One of the Belgian machine guns, known to have been used by a Yemeni militia in the Hodeidah attack, will be among the weapons to be displayed at one of the largest weapons exhibitions in the Middle East in Abu Dhabi this weekend, Amnesty International said.
According to the promotional material for the IDEX 2019 – IDEX2019, which will be held in the United Arab Emirates, a Minimi submachine gun will be among the thousands of weapons available for sale.
FN Herstal manufactured the weapon in the province of Wallonia, Belgium; it is one of a group of weapons handed over by the Belgian Walloon authorities to the Saudi-UAE-led coalition in recent years for use in Yemen’s armed conflict.
An Amnesty International investigation last week documented the use of the same type of weapon by the “Giants brigades”, a Yemeni militia supported and armed by the United Arab Emirates, but not accountable to any government.
Patrick Wilkin, a researcher at Amnesty International’s Arms Control and Human Rights Program, said: “It is surprising that FN Herstal delivered the Minimi machine guns to the UAE after we revealed how the UAE nationals gave this weapon illegally to Unaccountable militias in Yemen.”
“The Belgian authorities and FNH Herstal should not sell more arms to any forces fighting in Yemen, especially the United Arab Emirates—the same country that leaks weapons recklessly to the fighting forces, some of whom commit war crimes in Yemen,” he said.
Minister Willy Parsons, the head of Belgium’s Walloon district, called for an investigation in response to Amnesty International’s findings last week.
“We are keen to see the results of this investigation soon,” Philippe Hinsmanns, director of the Belgian branch of Amnesty International, said in French. “We hope that this will lead to policy changes that make Wallonia consistent with its international obligations. Under the ATT, and the EU’s common position on arms exports, Belgium has legal obligations not to transfer arms to coalition forces fighting in Yemen.”
According to publicly available data, since the outbreak of the conflict in Yemen in March 2015, Western and other countries have provided the UAE with at least $3.5 billion worth of weapons. This includes heavy conventional weapons—aircraft and ships—light arms, light weapons and spare parts, and associated ammunition.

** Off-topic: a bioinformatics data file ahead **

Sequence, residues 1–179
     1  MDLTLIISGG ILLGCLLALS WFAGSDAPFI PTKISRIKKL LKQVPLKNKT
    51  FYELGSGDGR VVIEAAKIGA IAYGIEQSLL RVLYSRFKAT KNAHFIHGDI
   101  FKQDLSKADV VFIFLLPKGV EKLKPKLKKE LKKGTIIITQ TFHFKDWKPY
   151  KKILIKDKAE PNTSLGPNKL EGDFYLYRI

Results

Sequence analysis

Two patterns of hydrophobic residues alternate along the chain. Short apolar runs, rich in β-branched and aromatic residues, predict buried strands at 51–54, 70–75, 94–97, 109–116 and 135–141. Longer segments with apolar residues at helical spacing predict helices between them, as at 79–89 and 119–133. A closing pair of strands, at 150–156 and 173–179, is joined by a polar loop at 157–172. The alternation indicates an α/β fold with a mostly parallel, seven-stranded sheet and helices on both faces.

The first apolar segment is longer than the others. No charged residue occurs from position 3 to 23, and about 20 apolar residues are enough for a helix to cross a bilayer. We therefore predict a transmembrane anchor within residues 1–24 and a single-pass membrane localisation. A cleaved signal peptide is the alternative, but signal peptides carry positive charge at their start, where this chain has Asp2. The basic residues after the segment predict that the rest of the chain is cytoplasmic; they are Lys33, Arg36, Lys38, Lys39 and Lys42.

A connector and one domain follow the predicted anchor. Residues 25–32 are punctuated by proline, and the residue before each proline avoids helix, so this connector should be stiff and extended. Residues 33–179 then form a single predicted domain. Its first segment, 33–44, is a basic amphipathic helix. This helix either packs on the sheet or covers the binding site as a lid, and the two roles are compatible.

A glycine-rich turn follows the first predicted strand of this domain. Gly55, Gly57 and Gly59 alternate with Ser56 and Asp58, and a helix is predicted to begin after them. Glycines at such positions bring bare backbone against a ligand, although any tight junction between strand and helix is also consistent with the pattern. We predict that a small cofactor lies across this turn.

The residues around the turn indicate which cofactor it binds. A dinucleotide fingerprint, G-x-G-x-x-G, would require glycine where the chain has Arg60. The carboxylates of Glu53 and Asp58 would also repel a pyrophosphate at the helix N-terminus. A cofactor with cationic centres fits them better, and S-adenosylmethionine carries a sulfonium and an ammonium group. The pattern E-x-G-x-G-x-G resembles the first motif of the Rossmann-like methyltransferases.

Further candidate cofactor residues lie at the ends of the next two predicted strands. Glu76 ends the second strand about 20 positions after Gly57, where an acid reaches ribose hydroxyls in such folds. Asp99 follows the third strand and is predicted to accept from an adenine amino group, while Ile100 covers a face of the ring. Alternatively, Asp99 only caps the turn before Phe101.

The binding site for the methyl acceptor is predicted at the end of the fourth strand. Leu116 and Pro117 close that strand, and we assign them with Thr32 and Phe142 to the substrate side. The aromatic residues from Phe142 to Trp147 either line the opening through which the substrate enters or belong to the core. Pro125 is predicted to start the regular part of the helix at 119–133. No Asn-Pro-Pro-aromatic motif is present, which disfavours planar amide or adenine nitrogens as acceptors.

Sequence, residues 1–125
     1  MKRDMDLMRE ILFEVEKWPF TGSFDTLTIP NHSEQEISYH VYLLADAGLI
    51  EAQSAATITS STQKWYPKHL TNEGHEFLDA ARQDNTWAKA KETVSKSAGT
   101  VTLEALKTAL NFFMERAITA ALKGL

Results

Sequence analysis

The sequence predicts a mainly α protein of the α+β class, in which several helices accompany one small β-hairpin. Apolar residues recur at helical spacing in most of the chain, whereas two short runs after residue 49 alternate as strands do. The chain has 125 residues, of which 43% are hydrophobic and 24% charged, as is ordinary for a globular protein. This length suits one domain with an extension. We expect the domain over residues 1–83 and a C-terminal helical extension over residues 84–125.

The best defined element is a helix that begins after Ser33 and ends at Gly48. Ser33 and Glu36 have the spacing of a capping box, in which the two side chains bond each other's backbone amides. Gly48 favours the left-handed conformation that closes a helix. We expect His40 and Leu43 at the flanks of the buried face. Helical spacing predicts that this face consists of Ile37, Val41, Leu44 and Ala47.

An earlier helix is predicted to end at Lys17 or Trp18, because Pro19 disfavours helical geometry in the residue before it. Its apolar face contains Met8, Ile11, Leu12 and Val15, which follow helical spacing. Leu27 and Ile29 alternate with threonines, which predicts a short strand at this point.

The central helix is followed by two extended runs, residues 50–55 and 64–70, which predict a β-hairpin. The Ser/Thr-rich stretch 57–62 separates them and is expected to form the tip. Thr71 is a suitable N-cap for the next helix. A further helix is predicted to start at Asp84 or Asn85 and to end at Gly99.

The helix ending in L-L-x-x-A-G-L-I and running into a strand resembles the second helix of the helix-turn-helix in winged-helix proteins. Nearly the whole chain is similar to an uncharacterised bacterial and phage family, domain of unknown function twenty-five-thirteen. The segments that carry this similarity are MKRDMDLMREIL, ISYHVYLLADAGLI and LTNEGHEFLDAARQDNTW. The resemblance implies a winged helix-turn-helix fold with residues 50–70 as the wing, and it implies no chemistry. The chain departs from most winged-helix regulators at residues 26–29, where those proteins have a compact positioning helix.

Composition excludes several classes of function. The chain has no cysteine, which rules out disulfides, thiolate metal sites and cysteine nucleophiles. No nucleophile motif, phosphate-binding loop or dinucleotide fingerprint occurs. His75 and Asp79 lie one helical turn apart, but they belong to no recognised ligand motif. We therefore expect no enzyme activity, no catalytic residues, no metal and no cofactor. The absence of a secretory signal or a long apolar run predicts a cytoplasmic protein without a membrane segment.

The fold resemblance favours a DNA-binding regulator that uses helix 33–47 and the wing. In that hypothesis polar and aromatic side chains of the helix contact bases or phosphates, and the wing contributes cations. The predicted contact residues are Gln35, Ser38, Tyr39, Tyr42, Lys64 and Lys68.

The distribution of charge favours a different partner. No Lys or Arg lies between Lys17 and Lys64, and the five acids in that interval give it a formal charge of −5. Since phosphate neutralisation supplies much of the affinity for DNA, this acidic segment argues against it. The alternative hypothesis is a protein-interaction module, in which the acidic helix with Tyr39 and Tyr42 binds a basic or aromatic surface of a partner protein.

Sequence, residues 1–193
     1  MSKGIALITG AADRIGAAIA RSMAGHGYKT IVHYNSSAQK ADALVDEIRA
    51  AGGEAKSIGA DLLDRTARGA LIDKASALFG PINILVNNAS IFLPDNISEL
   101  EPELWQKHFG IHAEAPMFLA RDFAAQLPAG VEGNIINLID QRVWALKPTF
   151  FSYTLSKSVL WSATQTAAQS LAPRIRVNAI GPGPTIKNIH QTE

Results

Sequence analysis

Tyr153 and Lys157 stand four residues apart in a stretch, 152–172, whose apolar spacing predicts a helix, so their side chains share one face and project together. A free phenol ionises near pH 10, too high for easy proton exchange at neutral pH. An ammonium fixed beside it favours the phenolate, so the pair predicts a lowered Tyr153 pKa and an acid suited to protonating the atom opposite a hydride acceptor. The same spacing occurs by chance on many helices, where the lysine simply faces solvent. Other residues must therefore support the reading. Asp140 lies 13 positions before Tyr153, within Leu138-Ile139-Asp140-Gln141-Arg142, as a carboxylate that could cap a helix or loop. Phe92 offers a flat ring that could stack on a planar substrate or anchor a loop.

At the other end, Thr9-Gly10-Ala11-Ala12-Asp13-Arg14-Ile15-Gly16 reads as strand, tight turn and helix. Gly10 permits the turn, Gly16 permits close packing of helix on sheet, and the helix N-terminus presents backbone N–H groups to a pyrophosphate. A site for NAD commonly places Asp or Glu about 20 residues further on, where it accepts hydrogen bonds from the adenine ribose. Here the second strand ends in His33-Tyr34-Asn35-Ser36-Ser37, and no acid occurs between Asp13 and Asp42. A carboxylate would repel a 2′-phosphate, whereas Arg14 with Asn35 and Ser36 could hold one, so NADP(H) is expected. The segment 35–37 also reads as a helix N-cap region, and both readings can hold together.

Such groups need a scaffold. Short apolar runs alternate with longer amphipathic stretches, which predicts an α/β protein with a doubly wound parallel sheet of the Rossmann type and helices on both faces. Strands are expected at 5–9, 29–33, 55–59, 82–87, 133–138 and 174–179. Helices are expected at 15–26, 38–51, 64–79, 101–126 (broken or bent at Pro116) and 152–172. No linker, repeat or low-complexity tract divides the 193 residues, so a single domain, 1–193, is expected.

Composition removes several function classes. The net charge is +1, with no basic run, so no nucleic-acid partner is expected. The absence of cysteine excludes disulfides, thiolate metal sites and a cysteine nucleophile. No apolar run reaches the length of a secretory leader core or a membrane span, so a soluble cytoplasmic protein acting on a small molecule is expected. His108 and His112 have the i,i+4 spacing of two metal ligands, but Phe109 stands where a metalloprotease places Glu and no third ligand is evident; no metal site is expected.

The International Organization noted that under the Arms Trade Treaty and the EU’s common position on arms exports, Belgium has legal obligations not to transfer weapons to the coalition forces fighting in Yemen. Any State that does so demonstrates that the funds are stronger than its declared commitment to international law.
According to the organization, although the United Arab Emirates and the militias it supports are involved in war crimes and other serious violations, the following countries have recently supplied arms to the UAE: Australia, Belgium, Brazil, Bulgaria, the Czech Republic, France, Finland, Germany, South Africa, South Korea, Turkey, the United Kingdom and the United States, among others.
The manufacturers of weapons and defensive weapons from all the above countries are displaying their goods at IDEX 2019 – IDEX2019.
The recent Amnesty International investigation documented some of these weapons in the hands of the “Giants brigades” and other unaccountable combat forces in Yemen, including the “security belt” and “elite forces”. These groups are a disaster for Yemeni civilians, thousands of whom have already been killed, while millions more are on the verge of famine as a direct result of the war.
“The ongoing massacre of civilians in Yemenو including by the Saudi-led coalition, the United Arab Emirates and the militias backed by it, should make all countries seriously stop supplying these weapons,” concluded Patrick Wilkin.
Amnesty International’s campaign has called on its supporters around the world to demand that all states halt the flow of weapons that fuel war crimes and gross human rights violations in Yemen.
The International Defense Exhibition and Conference (IDEX-IDEX) will be held from February 17 to 21. It is held every two years in Abu Dhabi, the capital of the United Arab Emirates, and describes it as one of the largest arms markets in the world.
More than 1,300 exhibitors from 62 countries will participate in the IDEX exhibition and its partner exhibition, NAVDEX. Exhibitors include other arms manufacturers whose goods were seen in the hands of unaccountable militias in Yemen, including the Bulgarian small arms manufacturing company Arsenal, Oshkosh and Navistar Defense, Armored Corps.